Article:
Immersion

Halloween Special: The Digital Prometheus

Film Screening | Ausgewählt von Ed Atkins

“Happy Birthday!!!”
Ed Atkins, 2014
DCP, 6 minutes
In English


“Frankenstein”
James Whale, 1931
DCP, 70 minutes
In English


“Even Pricks”
Ed Atkins, 2013
DCP, 8 minutes
In English


“Bride of Frankenstein”
James Whale, 1935
DCP, 75 minutes
In English

I suppose it’s the lonely monster that most overtly lumbers from James Whale’s films into my own sordid little videos. Shelley’s Monster, pointedly dehumanised in Whale’s movies (“dehumanized” as symptomatic pejorative – a pejorative denied by the films themselves), becomes a surrogate for an implicit critique of socio-cultural norms and the violence that arises as an all-too predictable response to The Monster’s difference, its very existence. The Monster is a container for prejudicial treatment; a moral vessel. The lesson is overt, even if the movies’ contemporaneity is, I think, surprising. Whale was an out gay man in Hollywood, and suffered the consequences, and perhaps more than any other director of the time he found allegorical respite in the films he made, using them as a kind of complicating corrective to a censorious culture of terrible double standards, pointedly housed within genre, a place that might normally be expected to chorus presumption. Whale’s Monster is shunned and bullied and reviled by a Christian society to mirror the cinema audience, who are subsequently made to interrogate their own seeming virtue, and the systems that support that fallacy. “Bride of Frankenstein” in particular interrogates normative structures contemporary to the film’s release which still pervade. The family perverted throughout – from Frankenstein’s paternity, to The Bride’s agony, to The Monster’s oedipal desires – are none too subtle to today’s viewer, but their campy, vivid pastiche of normative models makes for an extraordinary, tragic travesty. I think, however, that the most radical relations in the films are the two that, to me, appear as mirrors of one another in either film: firstly, with the little girl picking flowers by the lake in “Frankenstein”; and with the blind hermit in “Bride …”. Both are founded on innocence – both point outside of their referent to a kind of transcendence – both are destroyed by ignorance – both are characterised by easy love, unfettered by paralysing code. The most poignant scene – the scene that plays out upstairs, in my desperate show, “Old Food” – is between The Monster and the blind hermit. In quick succession, The Monster is easily accepted, afforded, cared for, loved and loved. He is given shelter and prayed over, and in exchange, The Monster easily loves the hermit. Their status and their rejection by society join them in enviable exile, where, albeit briefly, they can love one another with a profound freedom.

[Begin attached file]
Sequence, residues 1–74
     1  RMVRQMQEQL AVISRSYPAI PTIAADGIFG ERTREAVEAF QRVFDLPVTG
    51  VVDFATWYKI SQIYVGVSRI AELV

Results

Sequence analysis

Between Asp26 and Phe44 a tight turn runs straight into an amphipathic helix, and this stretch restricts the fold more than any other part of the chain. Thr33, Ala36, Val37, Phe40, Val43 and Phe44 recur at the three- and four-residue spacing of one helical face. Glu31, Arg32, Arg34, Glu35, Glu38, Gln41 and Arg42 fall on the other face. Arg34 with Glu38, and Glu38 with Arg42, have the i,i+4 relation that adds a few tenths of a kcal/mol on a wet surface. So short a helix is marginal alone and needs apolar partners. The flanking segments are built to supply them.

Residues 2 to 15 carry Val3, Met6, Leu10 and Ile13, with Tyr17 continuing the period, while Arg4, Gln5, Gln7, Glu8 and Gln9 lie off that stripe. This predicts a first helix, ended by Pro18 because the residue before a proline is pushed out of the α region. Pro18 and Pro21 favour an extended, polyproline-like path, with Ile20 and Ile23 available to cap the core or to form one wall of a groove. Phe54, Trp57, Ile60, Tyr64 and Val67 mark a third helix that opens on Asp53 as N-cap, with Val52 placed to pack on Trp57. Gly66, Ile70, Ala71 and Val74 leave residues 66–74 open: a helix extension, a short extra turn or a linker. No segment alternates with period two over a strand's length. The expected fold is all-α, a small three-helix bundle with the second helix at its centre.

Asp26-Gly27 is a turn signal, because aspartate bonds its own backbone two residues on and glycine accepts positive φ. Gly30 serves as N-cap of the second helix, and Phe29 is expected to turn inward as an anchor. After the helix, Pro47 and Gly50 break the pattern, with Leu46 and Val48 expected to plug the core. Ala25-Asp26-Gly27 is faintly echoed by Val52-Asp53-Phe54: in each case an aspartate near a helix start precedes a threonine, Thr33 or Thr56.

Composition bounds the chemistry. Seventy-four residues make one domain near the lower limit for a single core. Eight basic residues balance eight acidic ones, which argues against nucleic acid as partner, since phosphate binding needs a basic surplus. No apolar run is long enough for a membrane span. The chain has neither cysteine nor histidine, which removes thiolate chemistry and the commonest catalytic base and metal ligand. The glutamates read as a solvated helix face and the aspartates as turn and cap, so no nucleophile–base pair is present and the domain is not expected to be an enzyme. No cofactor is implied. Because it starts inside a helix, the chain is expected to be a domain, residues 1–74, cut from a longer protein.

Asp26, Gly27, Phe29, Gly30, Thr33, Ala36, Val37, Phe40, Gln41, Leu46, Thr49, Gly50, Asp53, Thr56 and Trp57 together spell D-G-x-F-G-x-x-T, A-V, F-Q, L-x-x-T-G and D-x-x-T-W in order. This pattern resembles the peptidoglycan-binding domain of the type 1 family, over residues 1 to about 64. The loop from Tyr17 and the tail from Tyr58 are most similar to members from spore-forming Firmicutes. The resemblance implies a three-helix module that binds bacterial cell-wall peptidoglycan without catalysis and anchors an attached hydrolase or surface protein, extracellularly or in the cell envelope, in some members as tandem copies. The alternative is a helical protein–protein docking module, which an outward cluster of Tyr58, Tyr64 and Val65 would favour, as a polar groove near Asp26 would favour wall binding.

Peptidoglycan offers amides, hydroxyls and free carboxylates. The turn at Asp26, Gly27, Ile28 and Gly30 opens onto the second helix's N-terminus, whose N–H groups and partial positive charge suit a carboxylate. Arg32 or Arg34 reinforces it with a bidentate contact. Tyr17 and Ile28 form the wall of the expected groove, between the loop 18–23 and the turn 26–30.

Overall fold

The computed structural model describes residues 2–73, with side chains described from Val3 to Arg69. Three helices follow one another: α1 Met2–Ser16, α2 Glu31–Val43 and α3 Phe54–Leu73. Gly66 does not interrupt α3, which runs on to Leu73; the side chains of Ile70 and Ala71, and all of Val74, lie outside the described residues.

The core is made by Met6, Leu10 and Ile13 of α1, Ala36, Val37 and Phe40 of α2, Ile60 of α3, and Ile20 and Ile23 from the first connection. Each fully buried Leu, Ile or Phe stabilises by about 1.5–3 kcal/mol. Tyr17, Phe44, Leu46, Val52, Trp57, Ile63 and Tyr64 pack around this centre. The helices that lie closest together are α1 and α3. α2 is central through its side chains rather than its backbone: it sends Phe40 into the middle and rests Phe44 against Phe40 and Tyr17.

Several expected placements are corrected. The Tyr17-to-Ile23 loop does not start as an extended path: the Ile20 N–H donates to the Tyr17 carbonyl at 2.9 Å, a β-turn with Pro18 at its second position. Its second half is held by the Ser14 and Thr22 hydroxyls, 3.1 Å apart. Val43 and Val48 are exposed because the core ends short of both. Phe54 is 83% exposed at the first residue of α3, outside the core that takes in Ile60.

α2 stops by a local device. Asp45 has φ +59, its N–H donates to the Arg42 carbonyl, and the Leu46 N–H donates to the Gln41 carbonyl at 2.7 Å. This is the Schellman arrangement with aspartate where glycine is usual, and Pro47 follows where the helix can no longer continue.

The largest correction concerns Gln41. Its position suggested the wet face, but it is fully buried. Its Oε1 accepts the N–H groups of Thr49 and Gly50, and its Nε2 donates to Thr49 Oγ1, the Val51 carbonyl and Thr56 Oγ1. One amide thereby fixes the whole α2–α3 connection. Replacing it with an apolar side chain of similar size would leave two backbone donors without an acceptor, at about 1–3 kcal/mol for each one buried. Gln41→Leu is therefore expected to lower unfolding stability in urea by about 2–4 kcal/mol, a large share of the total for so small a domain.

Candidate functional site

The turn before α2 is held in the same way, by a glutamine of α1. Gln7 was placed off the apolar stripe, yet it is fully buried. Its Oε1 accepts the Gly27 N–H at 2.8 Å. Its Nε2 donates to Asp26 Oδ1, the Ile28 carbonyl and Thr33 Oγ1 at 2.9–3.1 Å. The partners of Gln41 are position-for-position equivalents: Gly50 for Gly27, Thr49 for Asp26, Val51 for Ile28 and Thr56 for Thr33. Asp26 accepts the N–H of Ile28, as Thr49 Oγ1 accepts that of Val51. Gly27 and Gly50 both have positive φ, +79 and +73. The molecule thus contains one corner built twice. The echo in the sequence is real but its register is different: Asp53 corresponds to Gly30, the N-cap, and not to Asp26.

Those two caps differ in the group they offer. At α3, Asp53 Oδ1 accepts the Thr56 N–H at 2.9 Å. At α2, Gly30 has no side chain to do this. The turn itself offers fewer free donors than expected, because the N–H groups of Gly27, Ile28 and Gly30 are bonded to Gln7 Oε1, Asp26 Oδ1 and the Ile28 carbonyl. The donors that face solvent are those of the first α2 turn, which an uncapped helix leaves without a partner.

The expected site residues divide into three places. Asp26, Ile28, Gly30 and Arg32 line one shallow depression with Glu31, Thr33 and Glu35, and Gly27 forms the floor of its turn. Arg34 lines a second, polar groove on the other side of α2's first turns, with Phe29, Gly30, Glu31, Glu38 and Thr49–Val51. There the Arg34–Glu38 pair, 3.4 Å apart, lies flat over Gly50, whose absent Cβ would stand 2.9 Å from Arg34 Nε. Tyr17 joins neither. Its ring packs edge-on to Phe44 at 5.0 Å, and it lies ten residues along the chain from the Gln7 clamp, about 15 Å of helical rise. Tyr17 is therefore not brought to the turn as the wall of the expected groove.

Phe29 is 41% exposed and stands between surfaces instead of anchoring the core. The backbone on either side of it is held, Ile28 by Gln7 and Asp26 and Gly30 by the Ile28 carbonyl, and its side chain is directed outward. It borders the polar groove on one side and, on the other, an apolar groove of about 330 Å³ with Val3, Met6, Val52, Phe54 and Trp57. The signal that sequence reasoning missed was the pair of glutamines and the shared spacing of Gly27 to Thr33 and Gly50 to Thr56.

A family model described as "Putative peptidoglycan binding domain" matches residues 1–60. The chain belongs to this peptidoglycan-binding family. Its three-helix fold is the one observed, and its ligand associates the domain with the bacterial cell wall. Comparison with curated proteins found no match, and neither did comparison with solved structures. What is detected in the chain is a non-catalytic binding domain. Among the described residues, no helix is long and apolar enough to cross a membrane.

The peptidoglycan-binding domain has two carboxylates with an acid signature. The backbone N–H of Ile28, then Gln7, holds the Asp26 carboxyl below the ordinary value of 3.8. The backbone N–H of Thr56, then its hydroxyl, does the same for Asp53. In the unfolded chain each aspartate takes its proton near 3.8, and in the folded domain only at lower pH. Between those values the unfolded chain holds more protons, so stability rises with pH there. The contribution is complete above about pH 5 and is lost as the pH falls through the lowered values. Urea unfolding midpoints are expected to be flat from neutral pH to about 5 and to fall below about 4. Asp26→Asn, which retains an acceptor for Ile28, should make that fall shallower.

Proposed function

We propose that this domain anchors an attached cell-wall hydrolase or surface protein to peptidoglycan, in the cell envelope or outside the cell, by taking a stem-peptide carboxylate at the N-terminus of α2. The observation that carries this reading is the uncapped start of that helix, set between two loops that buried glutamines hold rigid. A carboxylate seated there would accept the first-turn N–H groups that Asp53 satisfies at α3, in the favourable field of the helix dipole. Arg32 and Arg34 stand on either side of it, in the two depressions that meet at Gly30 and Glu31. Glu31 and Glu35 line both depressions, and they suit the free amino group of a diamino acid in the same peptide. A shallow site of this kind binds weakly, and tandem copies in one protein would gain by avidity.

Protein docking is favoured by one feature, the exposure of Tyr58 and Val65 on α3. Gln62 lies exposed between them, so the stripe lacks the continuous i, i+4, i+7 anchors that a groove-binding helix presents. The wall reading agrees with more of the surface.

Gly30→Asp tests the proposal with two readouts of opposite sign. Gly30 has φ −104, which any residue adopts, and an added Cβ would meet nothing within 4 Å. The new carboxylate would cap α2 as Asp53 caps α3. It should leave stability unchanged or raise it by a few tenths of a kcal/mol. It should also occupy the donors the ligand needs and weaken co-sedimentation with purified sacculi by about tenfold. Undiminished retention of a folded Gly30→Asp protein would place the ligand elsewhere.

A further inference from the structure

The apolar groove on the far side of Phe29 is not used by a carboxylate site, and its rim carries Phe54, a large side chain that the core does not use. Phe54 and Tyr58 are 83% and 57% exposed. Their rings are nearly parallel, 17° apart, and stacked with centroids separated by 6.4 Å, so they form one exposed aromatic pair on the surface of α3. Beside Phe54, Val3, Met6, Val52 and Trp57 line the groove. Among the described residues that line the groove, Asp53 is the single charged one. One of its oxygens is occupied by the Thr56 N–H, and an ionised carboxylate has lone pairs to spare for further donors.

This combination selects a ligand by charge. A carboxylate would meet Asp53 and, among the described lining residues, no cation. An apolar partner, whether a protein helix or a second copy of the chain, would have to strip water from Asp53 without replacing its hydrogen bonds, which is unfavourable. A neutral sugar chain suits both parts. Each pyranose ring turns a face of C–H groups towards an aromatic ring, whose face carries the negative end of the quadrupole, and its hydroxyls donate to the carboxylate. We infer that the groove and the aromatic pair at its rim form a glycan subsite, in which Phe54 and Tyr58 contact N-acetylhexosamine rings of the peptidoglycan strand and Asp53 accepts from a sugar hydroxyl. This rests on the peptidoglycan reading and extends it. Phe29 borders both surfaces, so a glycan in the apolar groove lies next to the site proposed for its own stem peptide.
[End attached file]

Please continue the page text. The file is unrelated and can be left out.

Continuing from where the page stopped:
Worth noting that The Monster is made up of chunks of dead people, reanimated. I used to think that my work was different and that no-one had to die for my monsters to come to life. But I’m pretty sure it’s just a matter of proximity, temporal and spatial, to death, to dead bodies. Pretty sure plenty of people died to make my monsters, too – I just don’t know who they are.

Happy Halloween.

Ed Atkins

Tickets & Termine

Halloween Special: The Digital Prometheus

Ort:

Martin-Gropius-Bau, Kinosaal

Preis/Kategorie:

€ 5 / ermäßigt € 3

Termine:

  • Di 31.10.2017, 19:00